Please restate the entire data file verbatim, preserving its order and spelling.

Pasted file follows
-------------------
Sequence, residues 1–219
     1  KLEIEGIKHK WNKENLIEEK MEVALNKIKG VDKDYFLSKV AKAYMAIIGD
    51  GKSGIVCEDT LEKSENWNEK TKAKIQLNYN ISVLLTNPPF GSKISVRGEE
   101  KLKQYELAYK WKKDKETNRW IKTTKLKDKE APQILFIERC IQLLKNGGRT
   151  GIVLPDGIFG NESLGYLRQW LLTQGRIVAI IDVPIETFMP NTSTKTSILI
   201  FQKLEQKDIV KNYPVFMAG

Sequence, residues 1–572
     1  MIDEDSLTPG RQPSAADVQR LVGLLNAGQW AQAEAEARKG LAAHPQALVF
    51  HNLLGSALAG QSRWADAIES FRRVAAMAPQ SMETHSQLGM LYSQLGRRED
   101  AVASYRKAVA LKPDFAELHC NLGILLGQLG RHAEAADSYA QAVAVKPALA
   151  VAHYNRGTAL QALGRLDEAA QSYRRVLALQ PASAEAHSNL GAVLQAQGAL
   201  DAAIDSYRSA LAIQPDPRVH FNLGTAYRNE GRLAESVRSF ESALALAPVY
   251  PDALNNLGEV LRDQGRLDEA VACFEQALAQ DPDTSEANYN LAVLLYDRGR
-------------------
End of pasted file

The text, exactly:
Sequence, residues 1–219
     1  KLEIEGIKHK WNKENLIEEK MEVALNKIKG VDKDYFLSKV AKAYMAIIGD
    51  GKSGIVCEDT LEKSENWNEK TKAKIQLNYN ISVLLTNPPF GSKISVRGEE
   101  KLKQYELAYK WKKDKETNRW IKTTKLKDKE APQILFIERC IQLLKNGGRT
   151  GIVLPDGIFG NESLGYLRQW LLTQGRIVAI IDVPIETFMP NTSTKTSILI
   201  FQKLEQKDIV KNYPVFMAG

Sequence, residues 1–572
     1  MIDEDSLTPG RQPSAADVQR LVGLLNAGQW AQAEAEARKG LAAHPQALVF
    51  HNLLGSALAG QSRWADAIES FRRVAAMAPQ SMETHSQLGM LYSQLGRRED
   101  AVASYRKAVA LKPDFAELHC NLGILLGQLG RHAEAADSYA QAVAVKPALA
   151  VAHYNRGTAL QALGRLDEAA QSYRRVLALQ PASAEAHSNL GAVLQAQGAL
   201  DAAIDSYRSA LAIQPDPRVH FNLGTAYRNE GRLAESVRSF ESALALAPVY
   251  PDALNNLGEV LRDQGRLDEA VACFEQALAQ DPDTSEANYN LAVLLYDRGR